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This finished five-volume paintings analyzes the archaeological and linguistic information that pertain to the wide cultural milieu of the traditional close to East, the crossroads of 3 of the world's so much influential religions--Judaism, Christianity, and Islam. starting from prehistoric instances as much as the early centuries of the increase of Islam, the paintings covers the civilizations of Syria-Palestine, Mesopotamia, Anatolia, Iran, Arabia, Cyprus, Egypt, and the coastal areas of North and East Africa. It comprises 1,125 alphabetically prepared entries on websites, languages, fabric tradition, archaeological equipment, agencies and associations, and significant excavators and students of the sector. This specific, accessibly written reference brings new breadth to the research of archaeology within the biblical global, making it a important source not just to students and scholars of archaeology, but in addition to these with an curiosity in historic paintings and structure, languages, historical past, and faith.
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Additional info for The Oxford Encyclopedia of Archaeology in the Near East - Volume 5
For it would have been appropriate for him to say: “Destroy me, and in three days I rise up”, if indeed there had been some mixing and confusion. But now he manifests the temple as destroyed, and God as the one raising it up. ’4 And again, by way of contradiction in respect of the tenth anathema, he states as follows: THEODORET: ‘But what was from the seed of David, what was mortal, what was liable to suffering, what was afraid of death was assumed by him, even though this nature afterwards destroyed the power of death because of its union with God who assumed it; and what walked in perfect uprightness and said to John, “Allow it now, for so it befits us to fulfill all uprightness” (Matt 3:15), this (is what) received the title of the high priesthood according to the order of Melchizedek’.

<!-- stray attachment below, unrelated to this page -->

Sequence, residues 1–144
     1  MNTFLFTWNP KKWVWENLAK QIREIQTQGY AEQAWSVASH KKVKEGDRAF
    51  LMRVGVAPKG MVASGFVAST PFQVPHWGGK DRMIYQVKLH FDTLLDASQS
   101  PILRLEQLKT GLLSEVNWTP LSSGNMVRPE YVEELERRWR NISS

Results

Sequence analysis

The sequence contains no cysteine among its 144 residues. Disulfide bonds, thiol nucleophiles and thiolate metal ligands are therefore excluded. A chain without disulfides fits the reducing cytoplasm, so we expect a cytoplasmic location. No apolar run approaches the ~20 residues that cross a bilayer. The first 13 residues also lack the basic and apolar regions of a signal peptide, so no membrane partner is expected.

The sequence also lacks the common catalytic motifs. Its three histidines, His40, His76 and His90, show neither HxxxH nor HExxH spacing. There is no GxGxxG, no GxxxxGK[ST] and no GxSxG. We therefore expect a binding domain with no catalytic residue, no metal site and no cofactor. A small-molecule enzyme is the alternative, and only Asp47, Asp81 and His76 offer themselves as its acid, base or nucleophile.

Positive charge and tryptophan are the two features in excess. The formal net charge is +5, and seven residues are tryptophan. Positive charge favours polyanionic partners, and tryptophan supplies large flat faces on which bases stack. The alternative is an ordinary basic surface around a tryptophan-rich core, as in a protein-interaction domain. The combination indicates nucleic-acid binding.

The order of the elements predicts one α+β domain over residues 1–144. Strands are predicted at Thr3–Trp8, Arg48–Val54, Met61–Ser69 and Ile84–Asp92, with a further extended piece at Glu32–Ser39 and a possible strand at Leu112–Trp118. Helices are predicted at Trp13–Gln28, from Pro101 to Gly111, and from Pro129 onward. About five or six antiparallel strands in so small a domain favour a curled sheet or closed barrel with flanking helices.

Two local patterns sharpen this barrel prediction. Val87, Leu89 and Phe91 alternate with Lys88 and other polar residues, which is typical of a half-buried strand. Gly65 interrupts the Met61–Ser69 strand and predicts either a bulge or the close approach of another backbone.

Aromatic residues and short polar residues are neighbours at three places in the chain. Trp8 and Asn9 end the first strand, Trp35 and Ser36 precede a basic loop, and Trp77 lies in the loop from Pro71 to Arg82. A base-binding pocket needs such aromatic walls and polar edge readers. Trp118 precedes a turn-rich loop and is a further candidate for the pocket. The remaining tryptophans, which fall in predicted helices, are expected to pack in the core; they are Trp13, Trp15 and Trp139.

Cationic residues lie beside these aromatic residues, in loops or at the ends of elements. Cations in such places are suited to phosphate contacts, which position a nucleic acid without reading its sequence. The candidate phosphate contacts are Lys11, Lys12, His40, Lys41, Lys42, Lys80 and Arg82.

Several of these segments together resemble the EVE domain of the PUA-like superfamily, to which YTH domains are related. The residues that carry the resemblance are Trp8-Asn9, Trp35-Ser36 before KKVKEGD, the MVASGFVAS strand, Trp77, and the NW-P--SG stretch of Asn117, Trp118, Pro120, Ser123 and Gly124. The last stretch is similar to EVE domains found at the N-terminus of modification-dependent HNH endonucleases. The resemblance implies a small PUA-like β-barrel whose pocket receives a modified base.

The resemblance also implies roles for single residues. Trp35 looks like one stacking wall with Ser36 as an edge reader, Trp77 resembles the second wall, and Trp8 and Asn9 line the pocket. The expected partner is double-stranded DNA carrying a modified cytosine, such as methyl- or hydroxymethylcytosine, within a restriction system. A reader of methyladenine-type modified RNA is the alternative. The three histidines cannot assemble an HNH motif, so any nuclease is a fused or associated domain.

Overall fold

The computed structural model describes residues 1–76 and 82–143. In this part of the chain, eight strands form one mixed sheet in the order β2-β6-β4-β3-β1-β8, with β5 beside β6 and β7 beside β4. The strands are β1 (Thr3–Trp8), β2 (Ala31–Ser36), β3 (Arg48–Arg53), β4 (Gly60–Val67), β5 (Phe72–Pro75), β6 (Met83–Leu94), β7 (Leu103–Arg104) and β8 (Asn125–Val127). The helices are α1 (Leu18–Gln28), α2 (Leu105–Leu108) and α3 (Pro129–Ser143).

Let us believe and truly accept one who is out of two natures, both God and Son and Christ and Lord; and let there remain in duality that which, after the confession of the true union, is indeed a thought of those things which are covered in darkness and which affirm that the same entity is both united and not united. } (p. 224) To whom of those people who are mightily famed for intelligence, or who are impudent, are these things not known or made plain? The things which are joined together are recognized as one thing and another only in respect of difference of essence; and the things which concur into one entity are different in kind, and not of the same substance, and they no longer subsist separately, nor are they in their proper substance to be spoken of as one thing and another; for there exists one Christ out of the two of them.
Text 1 Ad Nephalium, Or. II Translated from CSCO 64:10–21 Of the same man again, a second discourse to Nephalius: to the same people who assert that Christ is to be recognized in two natures after the union, and add the phrase ‘which are united and not divided’. Now we ourselves, according to the saving and truly divine statement of the three hundred and eighteen,1 believe (p. 11) and confess that the only-begotten Son of God, who is equal in essence to the Father through whose power all things existed, came down at the end of days and became incarnate and was made man—that is, he was united to flesh which had a soul possessed of reason and intelligence by means of a free and hypostatic union from the holy Spirit and from the ever-virgin Mary, Mother of God; and that his nature was one, even when the Word had become incarnate, just as the God-inspired men and mystagogues of the church have instructed us; and we know him as simple, and not compound, in that which he is understood to be God, and composite in that which he is understood to be man.